Get your digital memories off the computer and onto the page

Photo books created with apps Mosaic, Cleen and ZOOMBOOK.
Photo books created with apps Mosaic, Cleen and ZOOMBOOK.
Photo: David Pierini/Cult of Mac

There is a slight soapbox on which I stand sometimes when I write about photography. Nothing too high-minded, but when the topic allows, I will gently remind people to print out their pictures from their iPhones and computers.

Today, I stand before you, not on a soapbox, but on a short stack of photo books. The books are designed with iPad apps from pictures I made on my smartphone. I chose three companies I liked for ease of design and the final product.

All three – Cleen, Mosaic and ZOOMBOOK – have apps that allow you to quickly design a 20-page book from your mobile device and have a tracking number for shipping all within 10 minutes. In four to 10 business days, a hardcover book arrives in the mail that you can neatly shelve.

Instagram makes it super-easy to stalk your favorite accounts


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Follow people you care about on Instagram.

Instagram quietly enabled an option today that makes it super-easy to keep track of your favorite accounts.

You can now set up push notifications for whenever a specific account posts a new photo. The timing of the new feature makes perfect sense with the impending release of the Apple Watch.

Apple kills development of Aperture and iPhoto for OS X



Apple gave developers an early preview of its upcoming Photos app this month at WWDC, but what it didn’t tell anyone is that new app for iOS will also overthrow Apple’s iPhoto and Aperture apps for OS X.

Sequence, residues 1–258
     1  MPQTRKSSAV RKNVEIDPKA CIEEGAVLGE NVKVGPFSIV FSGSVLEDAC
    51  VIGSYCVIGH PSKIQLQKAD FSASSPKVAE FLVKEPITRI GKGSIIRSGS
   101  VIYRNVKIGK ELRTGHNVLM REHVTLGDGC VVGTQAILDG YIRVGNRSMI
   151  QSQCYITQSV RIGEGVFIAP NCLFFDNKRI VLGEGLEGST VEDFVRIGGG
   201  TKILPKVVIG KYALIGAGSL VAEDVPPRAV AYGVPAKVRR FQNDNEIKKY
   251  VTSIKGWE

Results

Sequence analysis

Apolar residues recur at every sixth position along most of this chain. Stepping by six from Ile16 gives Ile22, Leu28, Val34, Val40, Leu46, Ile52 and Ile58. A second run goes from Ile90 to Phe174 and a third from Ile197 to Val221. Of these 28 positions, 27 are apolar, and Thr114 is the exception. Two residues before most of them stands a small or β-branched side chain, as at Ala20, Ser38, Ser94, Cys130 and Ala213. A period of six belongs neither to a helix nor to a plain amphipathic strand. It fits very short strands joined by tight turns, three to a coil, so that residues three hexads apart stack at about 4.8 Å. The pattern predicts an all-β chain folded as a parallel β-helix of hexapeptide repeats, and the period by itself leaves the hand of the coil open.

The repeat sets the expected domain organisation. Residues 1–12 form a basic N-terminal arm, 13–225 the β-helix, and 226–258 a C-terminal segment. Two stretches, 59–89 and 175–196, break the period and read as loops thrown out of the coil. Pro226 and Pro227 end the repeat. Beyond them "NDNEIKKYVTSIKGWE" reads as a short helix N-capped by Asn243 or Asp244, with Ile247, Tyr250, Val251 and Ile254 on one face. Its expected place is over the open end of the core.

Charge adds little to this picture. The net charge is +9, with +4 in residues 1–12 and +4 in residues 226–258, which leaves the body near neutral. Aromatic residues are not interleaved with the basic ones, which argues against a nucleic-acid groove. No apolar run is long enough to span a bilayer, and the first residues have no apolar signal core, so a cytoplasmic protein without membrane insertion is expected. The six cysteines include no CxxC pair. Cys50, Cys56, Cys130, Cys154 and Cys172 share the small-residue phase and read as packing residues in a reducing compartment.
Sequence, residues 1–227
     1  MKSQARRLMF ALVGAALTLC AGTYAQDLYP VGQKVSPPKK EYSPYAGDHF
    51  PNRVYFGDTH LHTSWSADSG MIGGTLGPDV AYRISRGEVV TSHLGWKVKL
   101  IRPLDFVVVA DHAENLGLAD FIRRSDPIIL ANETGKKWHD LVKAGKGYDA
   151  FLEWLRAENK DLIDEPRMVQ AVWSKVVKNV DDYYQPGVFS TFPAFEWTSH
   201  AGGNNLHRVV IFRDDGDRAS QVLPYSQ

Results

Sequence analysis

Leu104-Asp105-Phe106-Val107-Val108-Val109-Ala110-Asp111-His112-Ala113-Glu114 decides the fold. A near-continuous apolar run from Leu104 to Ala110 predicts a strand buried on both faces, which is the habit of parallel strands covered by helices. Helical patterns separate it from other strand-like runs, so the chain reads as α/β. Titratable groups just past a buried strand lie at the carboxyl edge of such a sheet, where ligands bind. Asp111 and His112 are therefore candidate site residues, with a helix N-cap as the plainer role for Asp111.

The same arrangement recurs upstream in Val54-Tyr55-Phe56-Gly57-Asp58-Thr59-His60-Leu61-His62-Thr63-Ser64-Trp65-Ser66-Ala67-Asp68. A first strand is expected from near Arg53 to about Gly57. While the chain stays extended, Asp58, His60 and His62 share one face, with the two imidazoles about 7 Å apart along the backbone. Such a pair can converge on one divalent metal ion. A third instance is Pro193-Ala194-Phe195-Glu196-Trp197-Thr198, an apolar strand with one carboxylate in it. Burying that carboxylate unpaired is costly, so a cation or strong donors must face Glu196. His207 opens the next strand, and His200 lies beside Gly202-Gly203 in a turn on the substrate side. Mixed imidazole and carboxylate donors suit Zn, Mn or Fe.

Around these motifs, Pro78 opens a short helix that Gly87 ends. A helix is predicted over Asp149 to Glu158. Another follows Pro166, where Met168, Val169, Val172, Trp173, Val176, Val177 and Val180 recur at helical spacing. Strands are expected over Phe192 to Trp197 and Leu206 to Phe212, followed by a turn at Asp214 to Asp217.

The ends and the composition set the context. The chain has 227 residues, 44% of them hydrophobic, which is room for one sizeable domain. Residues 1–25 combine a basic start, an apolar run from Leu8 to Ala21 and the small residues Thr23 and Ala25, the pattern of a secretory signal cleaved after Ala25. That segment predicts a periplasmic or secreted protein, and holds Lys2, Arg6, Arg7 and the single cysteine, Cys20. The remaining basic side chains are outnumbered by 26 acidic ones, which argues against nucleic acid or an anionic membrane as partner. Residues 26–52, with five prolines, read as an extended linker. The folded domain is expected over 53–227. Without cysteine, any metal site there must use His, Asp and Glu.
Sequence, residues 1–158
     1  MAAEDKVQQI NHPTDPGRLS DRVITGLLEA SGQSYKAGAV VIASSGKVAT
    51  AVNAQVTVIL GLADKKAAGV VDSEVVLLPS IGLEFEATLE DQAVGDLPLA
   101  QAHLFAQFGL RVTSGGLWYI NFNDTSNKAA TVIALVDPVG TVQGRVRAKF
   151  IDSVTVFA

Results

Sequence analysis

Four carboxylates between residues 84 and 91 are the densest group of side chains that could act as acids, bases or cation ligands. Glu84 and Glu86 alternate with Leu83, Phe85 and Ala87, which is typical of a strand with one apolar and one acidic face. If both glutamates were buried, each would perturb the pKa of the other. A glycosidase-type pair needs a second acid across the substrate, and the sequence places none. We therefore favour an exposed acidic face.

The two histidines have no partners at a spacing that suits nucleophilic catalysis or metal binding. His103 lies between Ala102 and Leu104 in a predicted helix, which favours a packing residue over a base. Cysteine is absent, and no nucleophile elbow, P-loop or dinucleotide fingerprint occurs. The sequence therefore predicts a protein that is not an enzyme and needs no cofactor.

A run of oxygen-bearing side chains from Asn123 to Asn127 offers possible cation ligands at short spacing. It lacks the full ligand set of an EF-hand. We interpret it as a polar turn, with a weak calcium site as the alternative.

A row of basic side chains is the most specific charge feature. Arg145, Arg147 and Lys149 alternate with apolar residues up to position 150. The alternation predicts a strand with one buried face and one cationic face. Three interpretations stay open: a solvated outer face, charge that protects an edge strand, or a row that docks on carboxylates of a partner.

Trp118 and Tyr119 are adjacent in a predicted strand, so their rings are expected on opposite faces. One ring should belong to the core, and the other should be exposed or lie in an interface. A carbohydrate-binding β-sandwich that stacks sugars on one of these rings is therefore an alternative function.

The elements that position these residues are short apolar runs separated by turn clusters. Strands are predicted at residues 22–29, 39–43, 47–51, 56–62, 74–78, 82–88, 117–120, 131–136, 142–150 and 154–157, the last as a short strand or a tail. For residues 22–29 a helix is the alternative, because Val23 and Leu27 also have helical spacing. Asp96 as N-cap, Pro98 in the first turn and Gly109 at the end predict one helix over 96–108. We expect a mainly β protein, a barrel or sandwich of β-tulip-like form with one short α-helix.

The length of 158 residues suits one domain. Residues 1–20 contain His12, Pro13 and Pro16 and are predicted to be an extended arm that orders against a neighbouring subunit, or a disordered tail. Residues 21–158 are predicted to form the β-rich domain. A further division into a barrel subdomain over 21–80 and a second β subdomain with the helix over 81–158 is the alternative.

A new Photos app for OS X isn’t expected to land on Macs until next year, but in a statement released to The Loop, Apple says it has already stopped development on its professional photography application, Aperture.

Here’s the official statement:

Adobe Creative Cloud just got truly awesome (with 1 tiny problem)

I was all set to pull the trigger on Adobe’s Creative Cloud Photography plan, which gives subscribers access to Lightroom and Photoshop as well as Lightroom Mobile for the iPad and iPhone.

After all, it’s just $10 per month, right? (or €12.29/$16.71 in the EU). That’s about what I spend on Rdio, or Dropbox, and I get Lightroom on my frickin’ camera.

But I decided to hold off and see if one huge doozy of a design problem is fixed before my 30-day trial of the service finishes up. This will also give me time to check out the amazing new Adobe Photoshop Mix, which is what Photoshop for iPad should have been all along.

And the little problem that could be a deal-breaker? You’re gonna love it…

These 3 handy apps put a photo scanner in your pocket

Scanning apps will let you turn a pile of photos into a useful digital archive. Photo: David Pierini/Cult of Mac
Scanning apps will let you turn a pile of photos into a useful digital archive. Photo: David Pierini/Cult of Mac

The 1940s hockey photos we found among my aunt’s possessions are a mystery she took to her grave. But with a little internet research and some sharing through social media, I figured I could put names to the players’ faces and stories that would bring the photos to life.

I needed a photo scanner. My smartphone and the right app puts one in my pocket.

For the hockey project, I tested three photo-scanning apps, each of which allowed me to digitize and share old photos without the need for computer equipment, Photoshop or the expense of a scanning service.